The AMA (American Medical Association) has an excellent definition of alcoholism; the APA (American Psychiatric Association) has a set of criteria that divide substance problems of many drugs and alcohol into “Abuse” or “Dependence.” There are many good online self screening tools to help determine if someone has a problem with substances. It is very important to have these ways of determining whether someone has a problem or not.
For individuals and families struggling with addiction, though, it becomes less about getting to the definition or fitting criteria and more about the answer to one simple question: Is your use causing problems, and do you need to stop using to stop the problems? If the answer is “No,” breathe a big sigh of relief and continue to read for pleasure. If the answer is “Yes,” then you are likely reading this page because you have become pretty desperate to change a habit, or you have a spouse or parent looking over your shoulder. You can probably stop, and good counseling can help you stop using.
There are very few decisions in a person’s life that are more important than whether or not to drink or do drugs. Who you marry, how many kids you have, what you do for a living, where you live, which school you go to – all these choices pale in comparison to the choice regarding your use. If you are a casual or non problematic user, you may be scoff at this assertion. But for the rest, the assertion rings hollow and true. I do not make it lightly, and base it on a lifetime of learning and observation, as well as 7 years of experience in the substance abuse field. Here’s why: no other decision impacts your health, relationships, career, or the course of your life more than drugs and alcohol if you have a problem from using them.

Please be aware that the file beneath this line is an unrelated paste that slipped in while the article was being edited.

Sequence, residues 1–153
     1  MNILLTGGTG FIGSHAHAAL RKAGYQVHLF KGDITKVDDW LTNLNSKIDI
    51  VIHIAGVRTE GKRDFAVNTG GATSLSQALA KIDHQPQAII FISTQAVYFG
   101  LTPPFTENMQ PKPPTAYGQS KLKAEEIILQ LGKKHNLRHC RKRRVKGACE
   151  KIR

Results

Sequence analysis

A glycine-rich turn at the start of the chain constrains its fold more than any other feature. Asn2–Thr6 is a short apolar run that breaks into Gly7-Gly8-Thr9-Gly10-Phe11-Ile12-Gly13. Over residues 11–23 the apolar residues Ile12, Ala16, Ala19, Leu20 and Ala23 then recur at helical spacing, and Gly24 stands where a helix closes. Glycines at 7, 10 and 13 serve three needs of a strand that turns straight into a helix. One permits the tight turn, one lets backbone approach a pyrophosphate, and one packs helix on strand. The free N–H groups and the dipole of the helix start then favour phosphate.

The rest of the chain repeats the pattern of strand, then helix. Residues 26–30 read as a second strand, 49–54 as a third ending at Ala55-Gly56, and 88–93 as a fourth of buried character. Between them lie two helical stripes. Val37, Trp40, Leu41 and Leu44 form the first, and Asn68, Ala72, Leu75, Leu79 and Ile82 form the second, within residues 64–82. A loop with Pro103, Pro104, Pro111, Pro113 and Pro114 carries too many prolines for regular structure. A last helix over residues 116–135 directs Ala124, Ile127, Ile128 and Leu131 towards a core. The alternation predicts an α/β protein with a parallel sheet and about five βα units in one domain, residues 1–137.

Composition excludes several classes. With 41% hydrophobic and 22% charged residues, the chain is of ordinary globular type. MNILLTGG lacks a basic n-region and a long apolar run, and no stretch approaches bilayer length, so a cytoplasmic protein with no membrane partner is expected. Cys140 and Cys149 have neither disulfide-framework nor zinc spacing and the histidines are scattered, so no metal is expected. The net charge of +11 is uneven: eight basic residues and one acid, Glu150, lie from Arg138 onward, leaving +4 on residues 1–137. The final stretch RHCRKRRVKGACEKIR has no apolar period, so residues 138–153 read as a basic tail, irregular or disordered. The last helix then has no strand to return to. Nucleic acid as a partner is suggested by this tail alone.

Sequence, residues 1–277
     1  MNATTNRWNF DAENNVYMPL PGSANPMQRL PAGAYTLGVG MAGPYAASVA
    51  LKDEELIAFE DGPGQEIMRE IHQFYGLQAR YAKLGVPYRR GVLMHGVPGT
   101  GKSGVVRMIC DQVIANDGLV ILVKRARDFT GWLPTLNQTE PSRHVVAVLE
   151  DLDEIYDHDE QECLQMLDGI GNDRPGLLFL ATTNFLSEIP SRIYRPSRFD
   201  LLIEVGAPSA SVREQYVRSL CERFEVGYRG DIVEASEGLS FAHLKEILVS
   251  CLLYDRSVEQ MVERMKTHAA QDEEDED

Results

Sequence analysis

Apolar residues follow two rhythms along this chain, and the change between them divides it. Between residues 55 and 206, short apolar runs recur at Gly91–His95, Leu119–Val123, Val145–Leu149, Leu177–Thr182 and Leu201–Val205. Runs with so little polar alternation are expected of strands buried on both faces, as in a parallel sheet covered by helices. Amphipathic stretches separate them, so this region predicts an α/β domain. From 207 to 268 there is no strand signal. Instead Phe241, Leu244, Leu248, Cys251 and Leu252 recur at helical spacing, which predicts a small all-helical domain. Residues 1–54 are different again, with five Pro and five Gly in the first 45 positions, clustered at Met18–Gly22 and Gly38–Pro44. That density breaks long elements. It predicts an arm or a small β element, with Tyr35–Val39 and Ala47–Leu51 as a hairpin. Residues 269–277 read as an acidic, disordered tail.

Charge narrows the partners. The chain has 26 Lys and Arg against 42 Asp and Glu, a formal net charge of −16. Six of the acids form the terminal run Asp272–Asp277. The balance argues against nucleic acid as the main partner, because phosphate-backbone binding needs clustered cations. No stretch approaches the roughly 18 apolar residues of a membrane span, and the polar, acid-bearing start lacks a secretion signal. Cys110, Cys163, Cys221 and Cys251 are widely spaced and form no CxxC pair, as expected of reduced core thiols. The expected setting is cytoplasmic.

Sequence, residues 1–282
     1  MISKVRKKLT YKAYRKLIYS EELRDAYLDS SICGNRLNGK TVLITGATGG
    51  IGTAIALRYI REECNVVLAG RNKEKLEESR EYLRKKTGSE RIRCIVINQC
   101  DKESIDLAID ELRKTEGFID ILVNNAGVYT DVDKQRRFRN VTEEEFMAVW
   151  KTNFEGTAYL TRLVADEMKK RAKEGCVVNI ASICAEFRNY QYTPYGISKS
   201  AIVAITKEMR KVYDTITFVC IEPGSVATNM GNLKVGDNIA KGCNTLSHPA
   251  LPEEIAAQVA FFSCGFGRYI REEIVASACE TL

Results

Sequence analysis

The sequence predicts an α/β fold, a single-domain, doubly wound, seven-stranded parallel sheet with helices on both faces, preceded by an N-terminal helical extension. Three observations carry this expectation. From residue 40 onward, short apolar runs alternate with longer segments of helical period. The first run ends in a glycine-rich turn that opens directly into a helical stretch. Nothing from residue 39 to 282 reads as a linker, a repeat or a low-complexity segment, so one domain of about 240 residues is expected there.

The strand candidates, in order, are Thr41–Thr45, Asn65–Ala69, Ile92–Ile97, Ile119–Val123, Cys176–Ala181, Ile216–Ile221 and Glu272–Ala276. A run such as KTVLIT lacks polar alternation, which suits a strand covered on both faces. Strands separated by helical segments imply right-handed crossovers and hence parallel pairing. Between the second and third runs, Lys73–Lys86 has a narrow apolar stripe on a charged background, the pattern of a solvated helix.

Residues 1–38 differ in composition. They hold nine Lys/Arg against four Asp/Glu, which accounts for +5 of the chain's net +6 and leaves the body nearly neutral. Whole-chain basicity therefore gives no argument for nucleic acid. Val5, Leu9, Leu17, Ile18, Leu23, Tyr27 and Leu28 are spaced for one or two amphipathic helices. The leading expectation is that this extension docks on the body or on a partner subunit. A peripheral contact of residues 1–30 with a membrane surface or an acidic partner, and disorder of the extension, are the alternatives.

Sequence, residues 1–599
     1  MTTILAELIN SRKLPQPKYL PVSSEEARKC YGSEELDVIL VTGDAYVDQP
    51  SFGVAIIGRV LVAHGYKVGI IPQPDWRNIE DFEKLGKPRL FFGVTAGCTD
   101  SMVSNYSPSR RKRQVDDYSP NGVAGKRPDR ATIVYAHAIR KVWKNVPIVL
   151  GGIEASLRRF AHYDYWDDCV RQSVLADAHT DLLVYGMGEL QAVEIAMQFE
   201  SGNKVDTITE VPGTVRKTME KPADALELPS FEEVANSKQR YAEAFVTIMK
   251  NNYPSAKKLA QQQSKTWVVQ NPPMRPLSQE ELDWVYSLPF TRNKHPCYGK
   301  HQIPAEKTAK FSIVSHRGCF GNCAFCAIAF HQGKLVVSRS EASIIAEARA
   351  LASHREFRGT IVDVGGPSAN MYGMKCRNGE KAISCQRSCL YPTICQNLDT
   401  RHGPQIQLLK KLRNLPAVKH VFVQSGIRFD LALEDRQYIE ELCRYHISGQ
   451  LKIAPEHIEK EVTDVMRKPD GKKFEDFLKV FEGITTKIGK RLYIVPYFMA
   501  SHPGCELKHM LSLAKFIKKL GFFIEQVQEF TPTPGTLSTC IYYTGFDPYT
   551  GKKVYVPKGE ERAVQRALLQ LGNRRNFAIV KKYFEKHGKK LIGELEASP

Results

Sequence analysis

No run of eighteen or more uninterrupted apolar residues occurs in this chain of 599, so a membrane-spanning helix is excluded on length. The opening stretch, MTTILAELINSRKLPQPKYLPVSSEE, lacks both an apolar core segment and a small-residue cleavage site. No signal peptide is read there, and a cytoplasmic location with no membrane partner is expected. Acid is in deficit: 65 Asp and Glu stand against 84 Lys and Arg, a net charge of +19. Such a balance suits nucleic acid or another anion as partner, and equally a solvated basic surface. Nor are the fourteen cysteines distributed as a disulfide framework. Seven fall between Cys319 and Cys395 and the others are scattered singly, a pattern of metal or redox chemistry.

The good news is that few changes can improve our lives as much as eliminating a substance abuse problem. Good counseling can help you or someone you love get on the right track regarding your choices about how not to use. Individual addictions counseling can help tailor your recovery experience to you, filling in some of the gaps that support groups, group counseling or medication management might leave. Once per week individual counseling alone is not likely to yield long term sobriety for most people, but it can help solidify gains, shore up weak spots, and open new paths to success for someone becoming clean and sober.
Since it is tailored to your needs, it is difficult to capture just how individual addictions counseling might benefit you, but here are a couple of common situations.
You are new to being sober and you are overwhelmed with all of the changes you are making. You can’t talk to your family about your urges because they’ll freak out, you can’t talk to your group about your depression because you don’t trust them enough yet, and that other thing, where do you go to talk about THAT? Counseling creates the private, nonjudgmental space where you can bring out all of you and work toward what you desire out of your clean and sober life. That might be asking questions and getting educated on concepts related to sobriety, it might be solving pressing problems that aren’t directly related to substance abuse, and it might be an emotional getaway for an hour if that’s what you need from your session.
Another somewhat regular scenario is this: You’ve been sober for some years, and it’s been great, but……… there can be a lot of “buts” after this. You feel sad all the time, or you still can’t stay in relationships and you thought that was because of your drug use, or you have images that flash at you that you used to make go away with substances, but now they just don’t go away. Counseling can help you get through these next layers of difficulty and onto a more fulfilling recovery.